Why You Should Write a ‘Big Idea’ Book to Launch Your New Category

Book Writing

Your big decision when planning to write the book to introduce your new category is to decide what type of book to write. Business books are categorized as nonfiction, and the most common type of nonfiction business book is the “how-to” book. In a “how-to” book, you teach the steps about how to achieve something that your company can do for your market. The idea behind teaching people how to do what you already do with your product or service is to demonstrate your expertise in the topic. If your market sees you as the expert, they tend to decide you’re the best person for the job, and they’ll hire you.

But in these pages, we’re talking about the power of introducing a brand new category to the market through a Startup Book. You can’t write a “how-to” book if your market isn’t already sold on your new category. Which presents a dilemma: what type of nonfiction book can you actually write to persuade your target market to buy into your point of view on the world, and accept your new category as the ideal way to solve a problem that afflicts them?

I suggest you write a ‘Big Idea’ book.

The Four Nonfiction Genres

Tim Grahl and Shawn Coyne. Source: Jeff Goins

Shawn Coyne and Tim Grahl, partners of The StoryGrid, broke down nonfiction books into four high-level nonfiction genres: Academic, How-To, Narrative Storytelling, and Big Idea book. Let’s look at each one individually to see their structure and purpose, and then I’ll explain why I think the ‘Big Idea’ book is the best book structure for introducing a new category.

The Academic Book

If you’re a medical researcher, an archeologist, a nuclear physicist, a political scientist, an economist, or any number of research-oriented professions, the academic book is for you. These are books written with academic rigor. The authors base their material on detailed first-hand research and experiments based on the scientific method. Their purpose is to advance their field, and their audience are other practitioners in the field. Doctoral dissertations follow the ‘Academic Book’ structure.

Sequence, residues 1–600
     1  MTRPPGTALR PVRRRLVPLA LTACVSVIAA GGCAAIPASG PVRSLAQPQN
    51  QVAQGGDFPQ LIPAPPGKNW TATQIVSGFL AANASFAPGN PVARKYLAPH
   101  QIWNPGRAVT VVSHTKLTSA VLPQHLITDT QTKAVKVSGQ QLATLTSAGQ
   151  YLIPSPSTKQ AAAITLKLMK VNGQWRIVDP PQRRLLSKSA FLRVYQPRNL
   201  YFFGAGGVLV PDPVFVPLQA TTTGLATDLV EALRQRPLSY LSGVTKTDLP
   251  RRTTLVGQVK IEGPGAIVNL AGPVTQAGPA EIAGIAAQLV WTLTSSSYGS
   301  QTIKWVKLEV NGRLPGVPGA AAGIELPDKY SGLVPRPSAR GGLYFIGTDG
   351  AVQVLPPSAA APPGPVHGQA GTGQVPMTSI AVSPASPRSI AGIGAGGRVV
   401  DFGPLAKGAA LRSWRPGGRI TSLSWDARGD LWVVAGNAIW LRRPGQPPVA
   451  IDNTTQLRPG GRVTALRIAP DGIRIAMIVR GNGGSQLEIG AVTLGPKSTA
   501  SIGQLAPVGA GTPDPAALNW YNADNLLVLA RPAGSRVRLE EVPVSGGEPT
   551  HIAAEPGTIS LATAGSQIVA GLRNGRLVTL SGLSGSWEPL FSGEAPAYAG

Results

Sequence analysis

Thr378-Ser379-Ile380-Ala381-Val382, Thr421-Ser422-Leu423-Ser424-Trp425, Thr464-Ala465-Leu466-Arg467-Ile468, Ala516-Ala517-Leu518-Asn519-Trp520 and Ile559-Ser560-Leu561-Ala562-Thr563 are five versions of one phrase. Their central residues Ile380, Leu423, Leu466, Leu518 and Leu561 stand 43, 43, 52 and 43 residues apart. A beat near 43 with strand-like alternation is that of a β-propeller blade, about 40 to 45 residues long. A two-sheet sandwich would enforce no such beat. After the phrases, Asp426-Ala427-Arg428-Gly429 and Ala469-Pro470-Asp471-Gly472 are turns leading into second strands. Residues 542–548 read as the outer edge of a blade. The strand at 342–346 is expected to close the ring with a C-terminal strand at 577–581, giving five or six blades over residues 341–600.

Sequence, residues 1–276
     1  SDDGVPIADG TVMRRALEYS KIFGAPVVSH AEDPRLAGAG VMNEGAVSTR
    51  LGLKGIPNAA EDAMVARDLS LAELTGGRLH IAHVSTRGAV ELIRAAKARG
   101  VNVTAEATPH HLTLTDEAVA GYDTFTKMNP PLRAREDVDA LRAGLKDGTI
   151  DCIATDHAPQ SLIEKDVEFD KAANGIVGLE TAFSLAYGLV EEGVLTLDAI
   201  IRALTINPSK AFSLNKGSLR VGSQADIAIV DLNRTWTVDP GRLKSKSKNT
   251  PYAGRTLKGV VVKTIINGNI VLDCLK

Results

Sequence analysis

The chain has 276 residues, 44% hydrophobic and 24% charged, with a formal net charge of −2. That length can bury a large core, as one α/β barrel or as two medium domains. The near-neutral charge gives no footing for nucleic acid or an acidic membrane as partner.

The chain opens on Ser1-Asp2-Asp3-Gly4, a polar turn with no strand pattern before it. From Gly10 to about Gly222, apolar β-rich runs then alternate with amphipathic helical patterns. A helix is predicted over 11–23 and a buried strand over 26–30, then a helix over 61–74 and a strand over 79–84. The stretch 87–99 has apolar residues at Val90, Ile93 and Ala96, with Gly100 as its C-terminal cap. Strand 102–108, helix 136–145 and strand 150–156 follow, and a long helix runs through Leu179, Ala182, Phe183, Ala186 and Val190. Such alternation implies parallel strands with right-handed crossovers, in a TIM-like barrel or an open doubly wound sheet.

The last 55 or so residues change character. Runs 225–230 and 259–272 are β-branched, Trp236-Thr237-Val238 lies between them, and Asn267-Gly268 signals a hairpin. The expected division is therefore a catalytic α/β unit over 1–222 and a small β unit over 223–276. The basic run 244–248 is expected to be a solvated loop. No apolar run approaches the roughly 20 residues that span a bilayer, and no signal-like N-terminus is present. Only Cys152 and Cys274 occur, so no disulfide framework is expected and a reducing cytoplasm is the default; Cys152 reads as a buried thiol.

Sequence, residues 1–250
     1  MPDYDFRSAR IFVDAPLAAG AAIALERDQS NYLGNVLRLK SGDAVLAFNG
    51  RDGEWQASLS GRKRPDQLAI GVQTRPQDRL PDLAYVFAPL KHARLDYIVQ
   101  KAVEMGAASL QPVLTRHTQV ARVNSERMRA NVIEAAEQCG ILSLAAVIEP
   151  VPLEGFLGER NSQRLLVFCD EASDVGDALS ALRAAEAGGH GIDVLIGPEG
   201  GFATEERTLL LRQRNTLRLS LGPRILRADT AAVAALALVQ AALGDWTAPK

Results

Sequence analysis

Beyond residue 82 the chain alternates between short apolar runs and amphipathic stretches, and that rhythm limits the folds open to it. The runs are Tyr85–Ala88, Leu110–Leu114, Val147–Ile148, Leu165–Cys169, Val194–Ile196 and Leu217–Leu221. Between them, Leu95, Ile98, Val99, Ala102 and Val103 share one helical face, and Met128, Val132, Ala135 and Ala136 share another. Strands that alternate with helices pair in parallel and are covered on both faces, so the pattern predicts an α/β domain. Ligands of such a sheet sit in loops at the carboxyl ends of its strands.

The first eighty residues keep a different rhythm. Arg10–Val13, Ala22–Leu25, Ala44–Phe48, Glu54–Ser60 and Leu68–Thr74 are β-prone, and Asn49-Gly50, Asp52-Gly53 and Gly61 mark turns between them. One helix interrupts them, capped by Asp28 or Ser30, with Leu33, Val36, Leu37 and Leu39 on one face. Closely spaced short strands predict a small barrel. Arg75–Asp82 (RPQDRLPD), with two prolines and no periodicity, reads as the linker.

The ‘Academic Book’ is aimed at a very specific, narrow audience. They typically don’t include lots of background information to provide context. Authors assume their audience already knows and understands the context. ‘Academic Book’ authors also use the insider language of the profession, without the need to explain terms, since it’s assumed the audience already knows the terms.

The ‘How-To’ Book

The ‘How-To’ book is like a course in book form. It aims to teach a novice audience how to do something, such as “How to create mind-blowing ChatGPT prompts,” or “How to Feng Shui Your House.” 

The authors of ‘How-To’ books take the posture of an expert teaching a newbie audience, and sets themselves up as the authority in the space.

Narrative Nonfiction

“Narrative Nonfiction” books look like fiction books, but they’re actually real-life stories. They read like a novel, but explain actual events. This genre is based on the ‘New Journalism’ of the ‘60s and ‘70s, in which the journalist is more of a subjective protagonist in the story, rather than an objective reporter.

Examples of narrative nonfiction are “Slouching Towards Bethlehem,” the often shocking look at the California flower power movement of the 1960s, and “Killers of the Flower Moon,” which spurred the movie of the same name, starring Robert DeNiro and Leonardo DiCaprio.

Big Idea Nonfiction

What is big idea nonfiction, and why do I recommend you write a big idea book for your category-defining manifesto? With a big idea book, you introduce a new idea, a new paradigm, a new way of looking at the world that breaks with established or accepted ways of seeing the world. The author takes you on a journey of discovery, like an adventure story in which the author is the protagonist, and encounters a cast of characters, such as academics, regular everyday people, and other experts and non-experts, to reveal, little-by-little, how this new way of looking at the world actually works.

Shawn Coyne and Tim Grahl, in a series of podcast episodes on their Story Grid Writing Podcast, discussed big idea nonfiction by analyzing Malcolm Gladwell’s best selling book “The Tipping Point.” In the “The Tipping Point,” Gladwell takes you on an adventure, with himself as the author/protagonist, discovering these strange viral events (like the sudden resurgence in popularity of Buster Brown shoes), and discovers, through interviews, research, news stories, and observations, how these viral events happen, and how you can engineer them for yourself.

Coyne, over more than five episodes of his podcast, teaches Grahl, his partner in their company Story Grid, a self-proclaimed “….struggling writer trying to figure out how to write a story that works,” (I love the premise of the podcast), that a big idea nonfiction book combines all three nonfiction genres: